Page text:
Thought for Food Books

Your jar of goodness

A few summers ago, I attended a workshop that provided an introduction to the process of fermentation. We made our own kimchi within minutes (granted all the chopping and pounding had already been done) and that got me excited about probing further into making my own fermented cabbage.

Around the same time, a Korean friend posted a photo of a massive batch of kimchi she had made. She sent me snapshots of the recipe from Maangchi’s Real Korean Cooking . It had detailed instructions with step-by-step photos to help any newbie kimchi fiend make their own jar. I salted the cabbage, then rubbed it with a glutinous rice flour-based kimchi paste, packed it tightly into jars and within days had a successfully fermented batch of kimchi made from scratch. It was so good, I’d eat it straight from the jar. Making my own jar also gave me the opportunity to observe the change in flavour from sweet freshness to bubbly acidic.

Lemon and salt

But with fermentation, you sometimes just have to wait a bit longer. Like when you’re making preserved lemons; the process is very straightforward: you rub the lemons with coarse sea salt, then pour hot water over it, and put the sealed jar away for at least three months. Slowly, the lemon skin softens and becomes much like nimbu achaar, except there’s no oil here. It’s excellent chopped up and thrown into a salad or made into a paste for dips and marinades.

I like that incorporating fermented food in my diet is good for my gut, so I wanted to explore this world of preserving, which although based on ancient techniques is seeing a resurgence lately. So I got my hands on The Art of Fermentation by Sandor Ellix Katz. This isn’t a recipe book, but more a comprehensive guide on the subject. It covers every type of ferment possible, both familiar and foreign, ranging from appam, yoghurt, and cheese to Mexican tepache (fermented pineapple drink), Russian kvass (rye bread drink), Japanese miso (feremented soy bean paste) and Bosnian smerka (juniper drink).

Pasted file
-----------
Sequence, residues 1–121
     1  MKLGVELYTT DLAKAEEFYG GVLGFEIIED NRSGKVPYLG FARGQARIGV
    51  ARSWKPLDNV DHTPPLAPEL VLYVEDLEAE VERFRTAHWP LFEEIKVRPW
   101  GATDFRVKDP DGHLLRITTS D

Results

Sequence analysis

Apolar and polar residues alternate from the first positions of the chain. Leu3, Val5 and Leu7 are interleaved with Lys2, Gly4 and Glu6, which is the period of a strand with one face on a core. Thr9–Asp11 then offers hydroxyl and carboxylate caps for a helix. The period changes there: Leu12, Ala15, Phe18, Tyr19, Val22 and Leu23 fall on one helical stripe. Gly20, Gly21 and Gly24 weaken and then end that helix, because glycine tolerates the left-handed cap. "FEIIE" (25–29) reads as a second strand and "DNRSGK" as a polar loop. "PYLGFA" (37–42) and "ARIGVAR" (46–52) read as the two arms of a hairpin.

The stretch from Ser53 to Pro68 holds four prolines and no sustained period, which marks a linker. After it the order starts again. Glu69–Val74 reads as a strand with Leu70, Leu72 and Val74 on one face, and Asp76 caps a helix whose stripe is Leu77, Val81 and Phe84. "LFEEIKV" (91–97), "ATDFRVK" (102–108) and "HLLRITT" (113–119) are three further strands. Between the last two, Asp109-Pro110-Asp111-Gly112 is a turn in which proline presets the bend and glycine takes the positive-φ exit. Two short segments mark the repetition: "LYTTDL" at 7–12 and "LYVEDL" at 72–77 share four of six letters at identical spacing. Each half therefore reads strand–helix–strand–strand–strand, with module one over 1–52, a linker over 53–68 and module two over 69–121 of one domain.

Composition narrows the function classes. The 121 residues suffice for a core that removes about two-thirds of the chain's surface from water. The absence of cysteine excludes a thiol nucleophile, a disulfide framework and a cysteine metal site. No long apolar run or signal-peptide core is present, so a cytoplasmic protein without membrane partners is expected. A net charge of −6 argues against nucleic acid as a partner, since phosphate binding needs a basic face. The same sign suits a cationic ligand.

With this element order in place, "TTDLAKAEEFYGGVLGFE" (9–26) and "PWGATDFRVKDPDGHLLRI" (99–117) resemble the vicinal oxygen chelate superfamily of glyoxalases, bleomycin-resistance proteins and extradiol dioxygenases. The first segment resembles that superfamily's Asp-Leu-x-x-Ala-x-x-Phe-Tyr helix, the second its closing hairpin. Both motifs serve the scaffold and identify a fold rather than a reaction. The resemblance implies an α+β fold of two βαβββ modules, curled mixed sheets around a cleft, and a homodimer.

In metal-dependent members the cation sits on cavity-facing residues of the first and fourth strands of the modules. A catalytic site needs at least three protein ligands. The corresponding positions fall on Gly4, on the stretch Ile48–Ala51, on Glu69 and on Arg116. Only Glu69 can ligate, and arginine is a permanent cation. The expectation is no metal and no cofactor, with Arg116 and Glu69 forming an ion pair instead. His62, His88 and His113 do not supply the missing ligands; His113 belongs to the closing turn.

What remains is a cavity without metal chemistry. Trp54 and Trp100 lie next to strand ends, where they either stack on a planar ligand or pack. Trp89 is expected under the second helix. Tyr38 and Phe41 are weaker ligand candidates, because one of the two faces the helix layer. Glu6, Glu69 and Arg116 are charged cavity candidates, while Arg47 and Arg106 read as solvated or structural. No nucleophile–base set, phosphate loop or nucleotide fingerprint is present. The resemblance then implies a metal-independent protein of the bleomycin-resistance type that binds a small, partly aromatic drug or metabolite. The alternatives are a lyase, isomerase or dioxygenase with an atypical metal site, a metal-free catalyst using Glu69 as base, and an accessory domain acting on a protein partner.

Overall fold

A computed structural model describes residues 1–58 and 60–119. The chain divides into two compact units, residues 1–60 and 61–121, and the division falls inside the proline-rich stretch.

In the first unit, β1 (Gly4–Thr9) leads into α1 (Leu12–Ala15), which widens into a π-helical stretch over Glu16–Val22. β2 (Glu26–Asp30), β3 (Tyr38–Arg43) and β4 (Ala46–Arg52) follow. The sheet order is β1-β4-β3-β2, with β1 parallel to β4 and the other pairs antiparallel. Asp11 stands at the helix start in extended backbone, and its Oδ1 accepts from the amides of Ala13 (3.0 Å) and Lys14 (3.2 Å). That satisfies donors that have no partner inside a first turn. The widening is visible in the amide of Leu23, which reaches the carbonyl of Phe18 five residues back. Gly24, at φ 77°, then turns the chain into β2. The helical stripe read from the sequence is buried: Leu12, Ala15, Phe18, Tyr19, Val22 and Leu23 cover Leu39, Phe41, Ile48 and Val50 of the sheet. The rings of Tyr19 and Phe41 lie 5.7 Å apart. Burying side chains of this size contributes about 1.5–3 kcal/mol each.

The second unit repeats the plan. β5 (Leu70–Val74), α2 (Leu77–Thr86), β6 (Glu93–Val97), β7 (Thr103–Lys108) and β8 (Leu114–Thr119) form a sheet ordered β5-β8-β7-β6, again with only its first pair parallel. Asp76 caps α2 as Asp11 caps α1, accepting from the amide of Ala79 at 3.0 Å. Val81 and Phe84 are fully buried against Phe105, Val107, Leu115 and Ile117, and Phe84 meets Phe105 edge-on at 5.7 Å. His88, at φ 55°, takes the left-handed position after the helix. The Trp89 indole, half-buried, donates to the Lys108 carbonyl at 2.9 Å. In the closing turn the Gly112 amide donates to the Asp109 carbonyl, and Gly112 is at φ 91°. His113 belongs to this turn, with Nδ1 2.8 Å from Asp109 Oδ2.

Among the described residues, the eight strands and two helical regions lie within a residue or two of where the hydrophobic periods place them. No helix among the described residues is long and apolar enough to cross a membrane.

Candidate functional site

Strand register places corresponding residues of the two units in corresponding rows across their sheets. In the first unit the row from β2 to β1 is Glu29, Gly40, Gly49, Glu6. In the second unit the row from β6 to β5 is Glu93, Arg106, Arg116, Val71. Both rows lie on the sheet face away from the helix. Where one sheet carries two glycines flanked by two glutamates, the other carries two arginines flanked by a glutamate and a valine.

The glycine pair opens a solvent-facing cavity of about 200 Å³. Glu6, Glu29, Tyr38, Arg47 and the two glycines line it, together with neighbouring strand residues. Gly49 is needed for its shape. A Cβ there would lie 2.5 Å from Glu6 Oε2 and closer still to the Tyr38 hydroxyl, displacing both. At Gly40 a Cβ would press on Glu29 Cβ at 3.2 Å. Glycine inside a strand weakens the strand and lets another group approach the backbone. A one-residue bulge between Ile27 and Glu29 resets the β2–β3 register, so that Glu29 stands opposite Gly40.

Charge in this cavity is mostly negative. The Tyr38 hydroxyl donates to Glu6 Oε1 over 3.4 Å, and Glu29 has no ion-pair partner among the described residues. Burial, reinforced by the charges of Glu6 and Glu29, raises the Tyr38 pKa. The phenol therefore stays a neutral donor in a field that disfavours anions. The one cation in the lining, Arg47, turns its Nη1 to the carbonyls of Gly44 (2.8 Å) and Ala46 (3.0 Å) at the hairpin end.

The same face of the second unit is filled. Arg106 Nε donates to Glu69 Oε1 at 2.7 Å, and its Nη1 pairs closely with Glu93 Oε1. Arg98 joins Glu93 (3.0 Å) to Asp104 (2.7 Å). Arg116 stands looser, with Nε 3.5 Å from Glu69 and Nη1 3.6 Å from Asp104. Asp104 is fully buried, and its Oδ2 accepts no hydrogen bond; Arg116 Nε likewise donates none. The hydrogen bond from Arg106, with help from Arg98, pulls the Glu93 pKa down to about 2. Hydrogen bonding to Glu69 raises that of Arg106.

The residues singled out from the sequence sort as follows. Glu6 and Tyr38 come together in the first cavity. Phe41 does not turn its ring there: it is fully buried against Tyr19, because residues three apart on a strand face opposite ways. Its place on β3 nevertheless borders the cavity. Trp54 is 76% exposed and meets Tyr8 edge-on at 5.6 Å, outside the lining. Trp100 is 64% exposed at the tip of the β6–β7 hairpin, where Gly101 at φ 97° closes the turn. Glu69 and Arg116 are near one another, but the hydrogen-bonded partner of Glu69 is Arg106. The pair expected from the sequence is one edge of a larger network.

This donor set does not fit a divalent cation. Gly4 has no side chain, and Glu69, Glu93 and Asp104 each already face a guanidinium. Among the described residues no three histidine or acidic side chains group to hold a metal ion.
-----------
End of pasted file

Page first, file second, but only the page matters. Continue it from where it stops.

Plenty for all

But what I was most interested in was making my kombucha at home instead of spending £6 on a pretty little bottle at Whole Foods. Kombucha is a fermented tea drink that is made with a special culture called SCOBY (symbiotic culture of bacteria and yeast). SCOBY is a thick, beige, flubber-like disc that’s placed on top of sweetened tea in a large jar and left to ferment for 7 to 12 days until the SCOBY consumes all the sugar and turns into the magical potion it is touted to be. It can be flavoured endlessly (I’ve made bergamot, lavender, vanilla and ginger so far) and is my version of enjoying a fizzy drink without having to pile on excess sugar (the SCOBY consumes most of it).

Right now, aside from water, my liquid consumption is divided between the probiotic-rich kombucha and the fermented milk called kefir. A friend recently shared some kefir starter grains with a warning to make plans to manage all the excess grains I’d end up with as they’d multiply themselves once I began actively fermenting milk to make kefir. Next on my fermenting agenda: umeboshi, just as soon as I can find ume fruit and Preserving the Japanese Way comes through the post.

The writer is a London-based chef trained at Le Cordon Bleu Paris and Alain Ducasse Education. @purplefoodie

Our code of editorial values

This article is closed for comments.
Please Email the Editor

Printable version | May 20, 2022 3:19:40 pm |